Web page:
Integrators at war: Leater in the fight for freedom

The war in Ukraine has affected millions and torn lives apart. Reece Webb speaks to AV integrator Leater to discover how AV integrators are fighting back. against invasion.

Leater’s story begins in 1992 in a newly independent Ukraine. Rising from the ashes of the Soviet era, Leater expanded to become one of the biggest players in the AV market in Ukraine.

 As a GPA member since 2020, Leater worked across every vertical from Lviv in the west, to the centre of Kyiv and all the way to the reaches of the Donbas in eastern Ukraine. 

All of that changed in 2014. While Russia’s invasion of Ukraine may have kicked off in 2022, fighting has been ongoing in the
country for more than eight years. In a brazen move, Russia annexed the Ukrainian region of Crimea in 2014 and instigated a Russian backed rebellion in the industrial regions of Donetsk and Luhansk, wiping out Leater’s business in the east overnight.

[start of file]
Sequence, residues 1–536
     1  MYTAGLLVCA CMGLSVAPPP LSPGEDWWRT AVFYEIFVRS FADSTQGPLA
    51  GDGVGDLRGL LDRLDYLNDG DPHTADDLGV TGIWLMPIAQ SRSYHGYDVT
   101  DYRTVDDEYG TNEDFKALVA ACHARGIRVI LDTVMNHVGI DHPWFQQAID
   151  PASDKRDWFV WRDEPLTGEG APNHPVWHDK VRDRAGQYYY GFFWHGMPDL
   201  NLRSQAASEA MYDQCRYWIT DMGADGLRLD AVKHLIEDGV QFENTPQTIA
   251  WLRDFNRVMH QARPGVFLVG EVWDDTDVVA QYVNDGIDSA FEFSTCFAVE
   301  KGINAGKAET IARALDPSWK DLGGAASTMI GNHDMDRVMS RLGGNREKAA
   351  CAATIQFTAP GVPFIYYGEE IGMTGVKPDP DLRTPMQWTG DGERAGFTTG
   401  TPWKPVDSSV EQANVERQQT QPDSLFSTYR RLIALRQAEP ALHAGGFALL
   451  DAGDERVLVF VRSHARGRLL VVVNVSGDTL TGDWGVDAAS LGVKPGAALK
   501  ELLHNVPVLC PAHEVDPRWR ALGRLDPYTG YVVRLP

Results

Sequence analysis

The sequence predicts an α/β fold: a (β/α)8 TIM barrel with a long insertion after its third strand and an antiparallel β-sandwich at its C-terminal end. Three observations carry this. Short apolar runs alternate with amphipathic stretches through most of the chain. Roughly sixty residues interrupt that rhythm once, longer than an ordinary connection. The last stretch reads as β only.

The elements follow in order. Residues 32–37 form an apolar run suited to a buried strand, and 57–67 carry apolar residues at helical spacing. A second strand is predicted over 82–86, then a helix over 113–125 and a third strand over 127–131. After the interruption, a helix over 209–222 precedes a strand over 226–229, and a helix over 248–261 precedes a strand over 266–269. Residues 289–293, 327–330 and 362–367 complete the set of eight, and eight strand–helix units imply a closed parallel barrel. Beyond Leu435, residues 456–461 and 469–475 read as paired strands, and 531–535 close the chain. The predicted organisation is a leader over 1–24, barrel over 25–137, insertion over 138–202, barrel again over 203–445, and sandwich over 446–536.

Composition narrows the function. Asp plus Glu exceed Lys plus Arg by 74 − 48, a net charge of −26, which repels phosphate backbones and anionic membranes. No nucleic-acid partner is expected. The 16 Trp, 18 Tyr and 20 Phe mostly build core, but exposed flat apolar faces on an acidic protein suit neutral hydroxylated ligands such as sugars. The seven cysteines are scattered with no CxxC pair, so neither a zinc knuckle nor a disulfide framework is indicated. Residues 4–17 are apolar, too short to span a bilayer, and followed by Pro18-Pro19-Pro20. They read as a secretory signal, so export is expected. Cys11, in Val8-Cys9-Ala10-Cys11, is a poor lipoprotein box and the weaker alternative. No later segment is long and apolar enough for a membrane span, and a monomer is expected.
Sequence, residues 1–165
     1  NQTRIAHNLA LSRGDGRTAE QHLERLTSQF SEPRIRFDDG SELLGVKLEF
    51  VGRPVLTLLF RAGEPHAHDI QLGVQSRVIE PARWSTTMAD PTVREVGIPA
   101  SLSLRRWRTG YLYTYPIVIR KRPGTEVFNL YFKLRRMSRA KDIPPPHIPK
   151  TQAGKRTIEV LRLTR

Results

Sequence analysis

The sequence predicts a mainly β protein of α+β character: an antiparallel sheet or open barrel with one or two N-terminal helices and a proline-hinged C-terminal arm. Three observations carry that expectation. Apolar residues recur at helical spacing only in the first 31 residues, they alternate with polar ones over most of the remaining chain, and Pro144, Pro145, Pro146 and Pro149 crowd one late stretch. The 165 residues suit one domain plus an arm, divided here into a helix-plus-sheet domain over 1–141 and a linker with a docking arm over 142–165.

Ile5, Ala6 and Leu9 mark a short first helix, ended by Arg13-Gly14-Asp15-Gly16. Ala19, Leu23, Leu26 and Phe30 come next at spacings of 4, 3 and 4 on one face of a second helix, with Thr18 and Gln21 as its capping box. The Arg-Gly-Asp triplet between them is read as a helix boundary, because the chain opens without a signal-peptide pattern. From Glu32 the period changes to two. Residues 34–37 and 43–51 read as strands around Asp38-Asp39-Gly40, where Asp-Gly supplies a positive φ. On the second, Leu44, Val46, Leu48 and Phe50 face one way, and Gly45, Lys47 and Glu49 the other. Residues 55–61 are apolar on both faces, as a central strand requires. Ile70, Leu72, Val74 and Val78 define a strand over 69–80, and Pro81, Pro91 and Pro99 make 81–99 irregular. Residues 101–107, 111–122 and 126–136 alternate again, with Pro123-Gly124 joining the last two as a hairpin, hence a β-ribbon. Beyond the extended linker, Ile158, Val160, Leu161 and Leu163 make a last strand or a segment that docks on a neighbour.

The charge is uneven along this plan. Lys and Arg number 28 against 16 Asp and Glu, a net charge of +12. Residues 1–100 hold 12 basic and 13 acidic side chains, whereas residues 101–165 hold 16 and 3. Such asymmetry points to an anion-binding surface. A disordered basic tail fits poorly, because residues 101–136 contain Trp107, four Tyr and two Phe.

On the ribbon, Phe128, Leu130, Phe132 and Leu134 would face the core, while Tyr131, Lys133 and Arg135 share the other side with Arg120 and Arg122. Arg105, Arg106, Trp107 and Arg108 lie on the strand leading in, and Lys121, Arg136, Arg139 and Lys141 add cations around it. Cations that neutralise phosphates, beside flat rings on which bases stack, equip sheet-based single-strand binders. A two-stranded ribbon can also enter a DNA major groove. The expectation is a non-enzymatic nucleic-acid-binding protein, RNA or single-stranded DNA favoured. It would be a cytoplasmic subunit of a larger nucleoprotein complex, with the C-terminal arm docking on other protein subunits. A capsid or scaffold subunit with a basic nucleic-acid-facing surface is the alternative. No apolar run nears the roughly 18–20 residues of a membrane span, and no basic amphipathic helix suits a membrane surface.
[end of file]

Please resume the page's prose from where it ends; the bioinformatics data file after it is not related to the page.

Mykola Zhandorov, CEO, Leater, explains: “In addition to our western branch in Kyiv, we had an eastern branch in Donetsk before 2014 as well as a southern branch in Odessa. We lost our entire branch [in Donetsk] as well as a lot of our clients and product stock. It was a very hard process which cost a lot of money.” 

The oncoming storm

February 24, 2022 is a day that many will never forget. When Russian helicopters and jets filled the skies, the bullets started to fly and the Russian Army began its march to Kyiv, the Leater team found itself in the middle of the firing line. 

“I was shocked [when the invasion happened]”, says Zhandorov, “I believed it would happen, but when I slept in my bed and woke up to the sound of explosions from missiles and anti-air defences, I was in a complete state of shock. My family
was in the countryside near Kyiv as I had sent them away a week before the invasion so that they
would be safe.” 

The Russian Army began to struggle its way through towards the city of Kyiv. Overnight, all AV work came to a halt as the country reeled from the shock and horror of the invasion.